East Bank Stadium Committee Holds First Public Comment Session

NASHVILLE, Tennessee – The East Bank Stadium Committee (EBSC) held its first of five public comment sessions Monday night at the East Nashville Magnet High School.

The EBSC was formed in June by Vice Mayor Jim Shulman to lead the efforts related to any potential legislation and to serve as a central place to gather information for the Council and the public, but will not be taking any votes.

To date, the EBSC has held 11 meetings and has made all of the presentations and video recordings from those meetings as well as information made available to the Council on a webpage dedicated to the proposed stadium and surrounding development.

The intention behind the community meetings is to give residents across Davidson County an opportunity to provide their feedback and comments directly to the EBSC.

Council Member At Large and EBSC Chair Bob Mendes was introduced to applause by Council Member Sean Parker (District 5) who sits on the committee and in whose district the meeting venue lies.

Also in attendance were fellow Council Members At Large Sharon Hurt, Burkley Allen and Zulfat Suara as well as Brett Withers (District 6), Emily Benedict (District 7), Jeff Syracuse (District 15) and Freddie O’Connell (District 19).

Mendes put together a slide presentation using information from presentations given to the committee, which he cited on each slide.

“I’m going to try in this presentation to give an even-handed description of things the committee has learned. I’m not going to get into my personal views one way or the other. I think for people who really love the stadium idea, I’m probably not going to be enthusiastic enough. For people who really dislike it, I’m probably not going to be critical enough. But, the job here is to present the information.”

In discussing the current stadium lease, Mendes said that the three numbers that have mattered are the minimum obligation under the current lease, what a fancier stadium renovation would cost and what a new stadium would cost. The key things that matter in each of those scenarios is the cost and how it is to be paid for, said Mendes.

The most important terms in the current lease that leads to a lot of controversy and debate, Mendes explained, are the requirement that the stadium be maintained in a “first class condition,” which is defined as having the improvements and new technology that exist in reasonable number of comparable facilities.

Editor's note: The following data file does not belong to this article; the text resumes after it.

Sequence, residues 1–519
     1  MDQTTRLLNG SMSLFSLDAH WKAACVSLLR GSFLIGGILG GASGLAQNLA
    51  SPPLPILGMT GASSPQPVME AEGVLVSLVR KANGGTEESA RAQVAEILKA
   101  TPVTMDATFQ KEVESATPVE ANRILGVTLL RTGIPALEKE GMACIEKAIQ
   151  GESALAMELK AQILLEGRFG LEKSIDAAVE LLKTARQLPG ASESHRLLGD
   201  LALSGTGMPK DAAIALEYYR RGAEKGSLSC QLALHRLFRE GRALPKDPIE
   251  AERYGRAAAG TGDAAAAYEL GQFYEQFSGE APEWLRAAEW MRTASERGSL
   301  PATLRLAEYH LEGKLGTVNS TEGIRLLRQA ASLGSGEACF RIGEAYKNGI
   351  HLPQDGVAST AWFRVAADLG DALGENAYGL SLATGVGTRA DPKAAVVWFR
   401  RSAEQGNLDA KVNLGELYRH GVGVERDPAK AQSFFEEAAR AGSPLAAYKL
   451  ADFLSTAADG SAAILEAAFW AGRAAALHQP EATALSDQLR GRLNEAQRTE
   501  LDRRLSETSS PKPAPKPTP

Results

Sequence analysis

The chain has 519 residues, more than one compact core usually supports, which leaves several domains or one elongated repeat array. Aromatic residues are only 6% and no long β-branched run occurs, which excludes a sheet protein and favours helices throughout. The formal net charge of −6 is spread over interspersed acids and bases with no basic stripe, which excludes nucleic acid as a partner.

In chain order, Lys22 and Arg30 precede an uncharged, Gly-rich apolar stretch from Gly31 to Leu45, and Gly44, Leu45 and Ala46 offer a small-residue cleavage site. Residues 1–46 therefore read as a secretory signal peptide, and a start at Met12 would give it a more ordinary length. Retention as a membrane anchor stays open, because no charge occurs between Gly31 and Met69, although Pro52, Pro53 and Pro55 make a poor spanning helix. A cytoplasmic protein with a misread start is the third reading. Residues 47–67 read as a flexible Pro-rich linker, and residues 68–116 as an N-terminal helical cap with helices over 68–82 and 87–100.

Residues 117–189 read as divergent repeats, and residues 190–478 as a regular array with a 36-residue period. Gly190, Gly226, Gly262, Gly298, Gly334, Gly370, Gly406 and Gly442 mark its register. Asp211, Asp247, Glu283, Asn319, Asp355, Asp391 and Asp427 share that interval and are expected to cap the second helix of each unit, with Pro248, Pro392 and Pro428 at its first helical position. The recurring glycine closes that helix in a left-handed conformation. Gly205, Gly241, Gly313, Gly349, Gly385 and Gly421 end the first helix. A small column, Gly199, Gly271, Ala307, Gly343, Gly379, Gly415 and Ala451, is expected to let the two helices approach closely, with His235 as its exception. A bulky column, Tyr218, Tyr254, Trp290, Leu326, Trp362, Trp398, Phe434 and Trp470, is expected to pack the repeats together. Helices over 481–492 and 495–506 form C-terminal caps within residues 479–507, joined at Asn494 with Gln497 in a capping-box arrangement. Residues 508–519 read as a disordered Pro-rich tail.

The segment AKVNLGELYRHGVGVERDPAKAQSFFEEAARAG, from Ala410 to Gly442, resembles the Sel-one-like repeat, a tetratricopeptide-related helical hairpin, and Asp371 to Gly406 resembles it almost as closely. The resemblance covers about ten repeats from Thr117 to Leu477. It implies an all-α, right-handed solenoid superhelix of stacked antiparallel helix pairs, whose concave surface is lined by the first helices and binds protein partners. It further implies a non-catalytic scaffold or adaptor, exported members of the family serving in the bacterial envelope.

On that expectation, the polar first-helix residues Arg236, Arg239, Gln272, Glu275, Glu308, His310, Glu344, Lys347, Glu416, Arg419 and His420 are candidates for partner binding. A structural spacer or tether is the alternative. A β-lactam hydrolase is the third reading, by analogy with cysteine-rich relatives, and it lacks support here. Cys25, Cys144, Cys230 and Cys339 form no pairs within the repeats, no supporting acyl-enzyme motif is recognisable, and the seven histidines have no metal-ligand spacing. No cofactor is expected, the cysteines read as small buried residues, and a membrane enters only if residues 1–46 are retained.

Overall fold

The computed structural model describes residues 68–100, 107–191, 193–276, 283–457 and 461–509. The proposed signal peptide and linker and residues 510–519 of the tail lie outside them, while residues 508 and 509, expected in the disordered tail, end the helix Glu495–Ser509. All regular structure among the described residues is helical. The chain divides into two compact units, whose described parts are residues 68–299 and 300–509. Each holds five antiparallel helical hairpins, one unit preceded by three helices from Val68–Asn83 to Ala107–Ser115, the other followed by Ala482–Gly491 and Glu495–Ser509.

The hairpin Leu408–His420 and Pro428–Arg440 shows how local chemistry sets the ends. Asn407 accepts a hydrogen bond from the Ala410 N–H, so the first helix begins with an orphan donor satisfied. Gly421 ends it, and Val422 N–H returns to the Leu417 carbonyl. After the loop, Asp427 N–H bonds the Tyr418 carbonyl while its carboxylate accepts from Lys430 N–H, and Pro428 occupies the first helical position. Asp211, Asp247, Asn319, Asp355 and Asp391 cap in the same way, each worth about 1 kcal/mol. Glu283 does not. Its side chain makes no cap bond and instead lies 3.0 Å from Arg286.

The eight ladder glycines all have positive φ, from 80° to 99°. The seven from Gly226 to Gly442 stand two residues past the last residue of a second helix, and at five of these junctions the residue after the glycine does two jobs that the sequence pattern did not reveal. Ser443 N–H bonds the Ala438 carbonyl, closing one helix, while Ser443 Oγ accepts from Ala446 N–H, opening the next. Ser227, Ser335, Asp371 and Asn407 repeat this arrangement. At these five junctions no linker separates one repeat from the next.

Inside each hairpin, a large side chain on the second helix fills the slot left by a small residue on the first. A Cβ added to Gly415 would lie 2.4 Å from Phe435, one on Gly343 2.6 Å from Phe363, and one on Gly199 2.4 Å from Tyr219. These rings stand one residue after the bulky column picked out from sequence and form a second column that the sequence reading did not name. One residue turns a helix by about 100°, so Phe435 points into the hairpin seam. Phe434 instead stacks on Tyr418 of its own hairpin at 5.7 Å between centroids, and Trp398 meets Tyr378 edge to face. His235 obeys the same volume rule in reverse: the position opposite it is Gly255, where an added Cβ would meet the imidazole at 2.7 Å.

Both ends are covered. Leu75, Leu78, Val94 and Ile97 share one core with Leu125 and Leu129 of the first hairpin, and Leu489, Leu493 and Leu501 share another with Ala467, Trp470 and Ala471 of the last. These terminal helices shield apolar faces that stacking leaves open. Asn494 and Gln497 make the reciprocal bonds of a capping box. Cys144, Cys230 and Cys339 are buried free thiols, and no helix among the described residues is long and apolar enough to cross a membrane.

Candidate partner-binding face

The term reasonable number, Mendes pointed out, is not defined in the lease. The term “comparable facilities” is defined, but is open to debate, said Mendes.

There is a huge variety in the stadiums, Mendes said, using the very large and impressive Dallas Cowboys stadium as an example, and a number of the named comparable stadiums have been torn down.

People have disagreed and will probably continue to do so about what exactly the standard is, Mendes speculated, but that it is the best definition that could be given short of litigation.

Under the stadium renovation scenario, Mendes said that the minimum lease obligation from a 2017 study, VSG indicated that $293 million would be needed for repairs through the remaining 20 years on the lease. The report was very clear that not everything was included, Mendes said, so the cost would almost certainly be higher and maybe a lot higher.

A “really nice renovation” such as the one envisioned by the Titans is estimated at $945 million in the short term and $894 million for upkeep over the next 20 years for a total of $1.839 billion.

Historical information indicates that the most expensive NFL stadium renovation topped out at $500 to $600 million, according to Mendes.

Renovations, Mendes said, would be paid for entirely with general obligation bonds consisting of 50 percent property tax, 25 percent sales tax and the remainder from general Metro revenues.

The proposed new $2.1 billion stadium would include $1.2 billion in public funding with a one-time contribution of $500 million from the state and $760 million from Metro.

The funds, available only for a new stadium, include a one percent increase in the hotel occupancy tax, 100 percent of the sales tax inside the stadium and 50 percent of the sales tax from the surrounding to-be-developed 130 acres.

The specifics of the team’s $840 million portion of the funding through private financing, owner equity, secured loans, NFL G-4 financing, and sales of PSLs are all unknown.